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In listing all of the improvements the new Connect 42 brings to the table, it occurs to me that I've potentially skimmed over just what a meaty proposition it really is.
Maybe, then, now would be a good time for a summary. So: first, when all the evidence is in, the Connect 42 is arguably currently Europe's most multimedia savvy TV - especially once you add to all the file compatibility/Internet radio stuff the fact that it's got two USB ports, an Ethernet jack and even full built-in Wi-Fi. Aside from the stupid-money stuff Vivadi is still playing around with, the Philips' 9000 Series models are the only other TVs that can fairly claim to give the Connect 42 a run for its money in multimedia respects.
Next, the TV can also be a digital recorder, with its built-in HDD able to record broadcasts from the Freeview tuner in exactly the same picture and sound quality they were broadcast in. In fact, the level of recording flexibility on offer is sufficient to allow the TV to claim official 'Freeview+' status.
Third, the Connect 42 is unusually well positioned to become the hub of a wider home cinema installation, with matching audio options available, and the ability to link with and control other Loewe gear around a (presumably very posh!) house.
Finally, returning to a point I touched on earlier, the Connect 42 is about as close as the TV world gets to being a bespoke TV. You can get it, for instance, in high gloss black, high gloss white, or Chrome Silver finishes. Then you can choose to put it on a striking and varied selection of different floor stands or wall mounts besides the table-top stand I tested it with. And finally you can even decide to some extent what features the TV carries, with additional features being retrofittable as they come on stream or your needs change.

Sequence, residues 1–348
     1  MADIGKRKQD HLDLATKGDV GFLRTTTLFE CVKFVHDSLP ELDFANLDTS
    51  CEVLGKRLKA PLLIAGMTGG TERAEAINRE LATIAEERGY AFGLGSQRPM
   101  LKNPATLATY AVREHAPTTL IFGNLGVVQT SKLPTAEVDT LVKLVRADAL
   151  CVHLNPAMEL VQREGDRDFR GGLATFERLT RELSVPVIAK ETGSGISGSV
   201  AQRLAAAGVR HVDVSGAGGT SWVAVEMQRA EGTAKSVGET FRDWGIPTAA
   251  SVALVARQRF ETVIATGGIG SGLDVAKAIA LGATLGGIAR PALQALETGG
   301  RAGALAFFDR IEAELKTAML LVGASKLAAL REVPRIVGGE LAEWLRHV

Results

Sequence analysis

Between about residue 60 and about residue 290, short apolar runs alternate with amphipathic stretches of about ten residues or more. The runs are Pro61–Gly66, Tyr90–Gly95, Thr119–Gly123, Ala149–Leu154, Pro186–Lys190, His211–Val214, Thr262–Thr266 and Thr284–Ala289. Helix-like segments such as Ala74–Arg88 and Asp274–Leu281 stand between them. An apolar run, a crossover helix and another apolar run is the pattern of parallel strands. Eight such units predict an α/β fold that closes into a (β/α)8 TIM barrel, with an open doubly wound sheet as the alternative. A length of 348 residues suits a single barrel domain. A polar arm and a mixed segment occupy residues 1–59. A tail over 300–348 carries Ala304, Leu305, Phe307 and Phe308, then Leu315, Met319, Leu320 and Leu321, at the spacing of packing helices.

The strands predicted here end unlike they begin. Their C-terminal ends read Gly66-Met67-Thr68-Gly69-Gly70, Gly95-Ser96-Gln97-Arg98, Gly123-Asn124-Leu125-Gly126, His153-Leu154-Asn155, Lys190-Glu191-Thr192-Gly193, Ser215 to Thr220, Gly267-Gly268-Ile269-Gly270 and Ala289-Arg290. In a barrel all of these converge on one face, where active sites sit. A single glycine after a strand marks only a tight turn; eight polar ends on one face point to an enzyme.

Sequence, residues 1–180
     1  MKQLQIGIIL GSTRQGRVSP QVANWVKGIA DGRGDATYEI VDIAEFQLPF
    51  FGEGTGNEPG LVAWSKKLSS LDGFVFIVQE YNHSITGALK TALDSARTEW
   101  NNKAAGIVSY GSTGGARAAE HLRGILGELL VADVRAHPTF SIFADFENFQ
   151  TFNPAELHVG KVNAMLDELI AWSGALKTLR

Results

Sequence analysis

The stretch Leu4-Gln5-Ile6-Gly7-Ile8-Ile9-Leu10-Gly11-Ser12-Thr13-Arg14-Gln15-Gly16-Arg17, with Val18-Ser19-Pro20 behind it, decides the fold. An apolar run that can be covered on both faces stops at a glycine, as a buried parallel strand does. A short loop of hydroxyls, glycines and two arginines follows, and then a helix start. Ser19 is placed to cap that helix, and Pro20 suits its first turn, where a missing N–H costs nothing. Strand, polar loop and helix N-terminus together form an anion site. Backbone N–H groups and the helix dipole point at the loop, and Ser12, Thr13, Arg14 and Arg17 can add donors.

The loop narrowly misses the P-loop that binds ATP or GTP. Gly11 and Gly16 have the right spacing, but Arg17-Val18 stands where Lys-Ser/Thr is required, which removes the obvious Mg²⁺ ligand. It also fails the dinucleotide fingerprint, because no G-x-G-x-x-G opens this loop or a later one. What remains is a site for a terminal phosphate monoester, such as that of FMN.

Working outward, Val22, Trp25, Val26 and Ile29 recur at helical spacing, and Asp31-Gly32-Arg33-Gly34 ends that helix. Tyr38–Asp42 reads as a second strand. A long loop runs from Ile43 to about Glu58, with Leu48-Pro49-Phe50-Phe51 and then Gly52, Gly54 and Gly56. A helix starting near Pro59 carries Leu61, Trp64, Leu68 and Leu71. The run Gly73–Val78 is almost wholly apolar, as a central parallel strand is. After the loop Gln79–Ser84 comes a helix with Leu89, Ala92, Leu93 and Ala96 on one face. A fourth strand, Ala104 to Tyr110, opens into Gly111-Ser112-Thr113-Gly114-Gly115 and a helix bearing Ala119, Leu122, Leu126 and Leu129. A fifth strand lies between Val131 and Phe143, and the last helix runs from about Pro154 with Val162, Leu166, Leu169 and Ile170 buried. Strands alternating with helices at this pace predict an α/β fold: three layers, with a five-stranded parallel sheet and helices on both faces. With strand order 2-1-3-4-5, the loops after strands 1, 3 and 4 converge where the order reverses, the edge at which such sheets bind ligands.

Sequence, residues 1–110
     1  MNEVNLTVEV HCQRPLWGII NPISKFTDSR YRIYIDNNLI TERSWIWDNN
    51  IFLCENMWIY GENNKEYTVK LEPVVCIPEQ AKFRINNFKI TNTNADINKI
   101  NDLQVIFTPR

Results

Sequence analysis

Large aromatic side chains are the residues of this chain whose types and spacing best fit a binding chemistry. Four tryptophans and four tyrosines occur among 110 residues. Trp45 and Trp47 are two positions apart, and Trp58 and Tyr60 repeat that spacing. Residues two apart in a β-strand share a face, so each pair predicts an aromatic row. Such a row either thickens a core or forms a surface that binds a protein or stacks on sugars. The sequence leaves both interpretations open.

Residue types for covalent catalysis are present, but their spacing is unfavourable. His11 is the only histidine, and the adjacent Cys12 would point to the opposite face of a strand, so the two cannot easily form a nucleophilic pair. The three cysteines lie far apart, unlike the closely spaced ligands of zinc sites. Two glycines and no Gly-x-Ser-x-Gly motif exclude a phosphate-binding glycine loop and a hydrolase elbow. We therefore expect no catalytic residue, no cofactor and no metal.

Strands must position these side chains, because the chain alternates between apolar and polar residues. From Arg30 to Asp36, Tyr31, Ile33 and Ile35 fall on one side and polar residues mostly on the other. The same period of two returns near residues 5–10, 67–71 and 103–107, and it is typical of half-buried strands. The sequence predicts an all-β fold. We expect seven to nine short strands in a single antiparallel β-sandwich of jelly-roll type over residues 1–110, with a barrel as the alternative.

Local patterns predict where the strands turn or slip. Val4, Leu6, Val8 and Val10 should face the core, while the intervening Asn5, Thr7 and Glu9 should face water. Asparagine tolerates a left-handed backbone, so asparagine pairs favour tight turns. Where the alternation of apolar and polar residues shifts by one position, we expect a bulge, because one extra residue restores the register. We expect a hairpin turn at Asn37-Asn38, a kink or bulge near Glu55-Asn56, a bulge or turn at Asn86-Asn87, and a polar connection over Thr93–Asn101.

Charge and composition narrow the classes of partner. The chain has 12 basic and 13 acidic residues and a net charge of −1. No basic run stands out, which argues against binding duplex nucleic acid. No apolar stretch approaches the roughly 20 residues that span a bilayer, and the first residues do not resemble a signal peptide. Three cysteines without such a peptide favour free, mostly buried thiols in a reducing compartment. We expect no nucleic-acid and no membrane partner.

Optional features currently available include a Dolby Digital/DTS surround sound decoder module, an RS232 control module to aid the TV's integration into a wider system, twin satellite tuners (though these aren't currently compatible with Freesat), and a motorisation module for allowing you to control the TV's angle remotely.
As you might be starting to think from all this, the Connect 42 is hardly the easiest TV in the world to use. Especially as Loewe has chosen to cram its onscreen menus into a small section of the bottom of the screen. We understand why it's done this; it doesn't want to hide the picture while you're making your adjustments. But man, it doesn't half make for some convoluted menu/submenu navigation 'expeditions'.
Just as well, then, that part of the premium Loewe 'deal' is that the set will be professionally installed in your home for you as standard. Cool.
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